Identity verification is the ongoing process of controlling perceptions of self-relevant meanings in a situation so that they correspond to the meanings held in the identity standard that defines who one is in the situation. Identity control theory posits that when a disturbance to this process occurs leading to a lack of such correspondence, a person’s identities are not verified. As a result, they engage in behavior that serves to counteract the disturbance and change meanings and resources in the situation so that one’s reflected appraisals or perceived self-relevant meanings once again match the meanings held in one’s identity standard (Burke, 1991, 1996; Stets & Burke, 1996, 2003). Accompanying this cognitive-behavioral process, there is an affective response to the discrepancy between perceptions and standard (Burke, 1991, 1996). Prior work has shown that when the discrepancy is large or is increasing, negative emotions result; and, when the discrepancy is small or decreasing, positive affect results (Burke & Stets, 1999; Cast & Burke, 2002; Ellestad & Stets, 1998; Stets, 2003; Stets & Tsushima, 2001).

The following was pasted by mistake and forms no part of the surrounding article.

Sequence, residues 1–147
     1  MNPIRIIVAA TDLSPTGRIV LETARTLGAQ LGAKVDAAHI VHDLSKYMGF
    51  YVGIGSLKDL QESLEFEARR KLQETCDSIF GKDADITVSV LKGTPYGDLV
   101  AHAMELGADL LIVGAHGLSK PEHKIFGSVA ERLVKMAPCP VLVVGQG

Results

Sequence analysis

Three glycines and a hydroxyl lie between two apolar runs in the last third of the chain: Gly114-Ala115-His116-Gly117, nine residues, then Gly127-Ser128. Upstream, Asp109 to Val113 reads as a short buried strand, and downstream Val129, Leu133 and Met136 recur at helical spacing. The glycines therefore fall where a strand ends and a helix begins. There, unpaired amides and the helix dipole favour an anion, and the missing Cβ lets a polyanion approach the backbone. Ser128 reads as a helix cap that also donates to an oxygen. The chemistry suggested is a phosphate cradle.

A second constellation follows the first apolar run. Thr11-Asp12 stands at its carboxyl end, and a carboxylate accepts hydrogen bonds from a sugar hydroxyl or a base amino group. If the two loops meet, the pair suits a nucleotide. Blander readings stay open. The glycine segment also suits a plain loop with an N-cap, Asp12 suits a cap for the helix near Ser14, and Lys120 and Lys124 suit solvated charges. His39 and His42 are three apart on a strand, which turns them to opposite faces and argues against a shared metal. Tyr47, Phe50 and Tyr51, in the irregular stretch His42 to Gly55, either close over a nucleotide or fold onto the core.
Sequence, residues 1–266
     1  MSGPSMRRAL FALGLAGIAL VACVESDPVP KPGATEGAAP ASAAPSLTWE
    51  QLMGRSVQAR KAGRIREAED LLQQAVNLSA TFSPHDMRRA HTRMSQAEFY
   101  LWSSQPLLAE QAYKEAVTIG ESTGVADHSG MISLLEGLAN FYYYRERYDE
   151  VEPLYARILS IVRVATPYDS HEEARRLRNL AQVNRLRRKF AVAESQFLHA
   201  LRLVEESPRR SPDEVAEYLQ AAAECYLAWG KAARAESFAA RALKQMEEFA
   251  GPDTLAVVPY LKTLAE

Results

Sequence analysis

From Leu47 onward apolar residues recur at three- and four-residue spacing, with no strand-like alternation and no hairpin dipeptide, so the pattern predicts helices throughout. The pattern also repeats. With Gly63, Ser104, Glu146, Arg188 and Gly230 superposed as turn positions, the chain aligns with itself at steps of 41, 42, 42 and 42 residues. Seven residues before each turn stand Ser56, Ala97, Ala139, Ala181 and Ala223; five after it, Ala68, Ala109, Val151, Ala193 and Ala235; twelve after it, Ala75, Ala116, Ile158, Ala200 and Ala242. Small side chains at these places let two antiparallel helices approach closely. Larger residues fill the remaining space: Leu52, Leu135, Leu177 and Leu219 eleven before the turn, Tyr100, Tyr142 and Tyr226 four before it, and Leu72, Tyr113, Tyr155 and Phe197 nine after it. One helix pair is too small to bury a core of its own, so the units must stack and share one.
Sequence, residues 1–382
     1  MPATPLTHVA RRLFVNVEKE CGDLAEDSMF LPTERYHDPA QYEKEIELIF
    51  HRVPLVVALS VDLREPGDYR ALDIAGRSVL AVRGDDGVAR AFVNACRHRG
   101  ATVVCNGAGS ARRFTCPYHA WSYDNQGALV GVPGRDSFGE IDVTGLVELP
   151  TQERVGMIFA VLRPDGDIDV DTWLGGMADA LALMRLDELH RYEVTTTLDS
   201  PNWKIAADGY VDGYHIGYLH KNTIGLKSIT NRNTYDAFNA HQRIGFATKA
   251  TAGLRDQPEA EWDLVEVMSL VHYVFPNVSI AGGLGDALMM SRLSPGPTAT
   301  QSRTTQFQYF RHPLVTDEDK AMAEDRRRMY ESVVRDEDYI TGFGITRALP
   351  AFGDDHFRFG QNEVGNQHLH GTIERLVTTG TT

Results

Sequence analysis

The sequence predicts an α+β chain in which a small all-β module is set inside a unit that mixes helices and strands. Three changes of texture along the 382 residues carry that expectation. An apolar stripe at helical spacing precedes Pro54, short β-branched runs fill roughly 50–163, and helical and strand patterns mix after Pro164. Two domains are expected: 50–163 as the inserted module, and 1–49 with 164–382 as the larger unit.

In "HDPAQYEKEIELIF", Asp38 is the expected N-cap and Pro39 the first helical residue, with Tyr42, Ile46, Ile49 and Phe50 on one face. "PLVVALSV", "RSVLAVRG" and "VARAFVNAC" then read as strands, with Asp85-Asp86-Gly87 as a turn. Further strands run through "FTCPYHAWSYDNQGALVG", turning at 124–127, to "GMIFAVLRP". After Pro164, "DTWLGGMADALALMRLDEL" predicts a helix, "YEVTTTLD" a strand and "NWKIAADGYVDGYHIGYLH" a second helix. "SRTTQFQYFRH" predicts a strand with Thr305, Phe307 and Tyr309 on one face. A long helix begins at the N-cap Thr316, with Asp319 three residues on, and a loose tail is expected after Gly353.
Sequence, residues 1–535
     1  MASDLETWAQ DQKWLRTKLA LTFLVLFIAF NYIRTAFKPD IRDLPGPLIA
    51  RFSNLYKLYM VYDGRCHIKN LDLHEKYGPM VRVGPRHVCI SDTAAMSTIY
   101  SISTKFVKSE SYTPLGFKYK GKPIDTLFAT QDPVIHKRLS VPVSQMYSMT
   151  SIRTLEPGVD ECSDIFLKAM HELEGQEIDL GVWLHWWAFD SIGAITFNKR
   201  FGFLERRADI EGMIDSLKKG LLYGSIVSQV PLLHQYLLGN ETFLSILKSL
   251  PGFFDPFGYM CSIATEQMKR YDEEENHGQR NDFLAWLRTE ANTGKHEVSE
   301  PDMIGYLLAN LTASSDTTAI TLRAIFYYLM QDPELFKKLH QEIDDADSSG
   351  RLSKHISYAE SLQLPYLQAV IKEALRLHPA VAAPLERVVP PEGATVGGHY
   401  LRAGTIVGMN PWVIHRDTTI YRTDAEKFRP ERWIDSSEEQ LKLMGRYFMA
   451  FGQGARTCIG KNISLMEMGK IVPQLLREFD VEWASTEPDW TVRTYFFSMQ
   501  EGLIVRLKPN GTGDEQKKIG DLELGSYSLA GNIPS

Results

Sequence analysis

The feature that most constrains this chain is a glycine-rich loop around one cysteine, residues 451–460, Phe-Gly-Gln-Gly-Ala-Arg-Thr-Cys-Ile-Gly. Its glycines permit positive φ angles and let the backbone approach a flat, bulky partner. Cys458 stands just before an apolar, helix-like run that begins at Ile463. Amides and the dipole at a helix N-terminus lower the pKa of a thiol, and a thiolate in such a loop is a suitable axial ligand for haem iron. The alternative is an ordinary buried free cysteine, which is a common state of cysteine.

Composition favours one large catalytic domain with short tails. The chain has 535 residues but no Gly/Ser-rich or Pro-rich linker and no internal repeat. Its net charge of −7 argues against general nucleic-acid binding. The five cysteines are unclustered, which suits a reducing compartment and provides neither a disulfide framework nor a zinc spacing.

Burke, P.J. (2004), "IDENTITIES, EVENTS, AND MOODS", Turner, J.H. (Ed.) Theory and Research on Human Emotions (Advances in Group Processes, Vol. 21), Emerald Group Publishing Limited, Bingley, pp. 25-49. https://doi.org/10.1016/S0882-6145(04)21002-5
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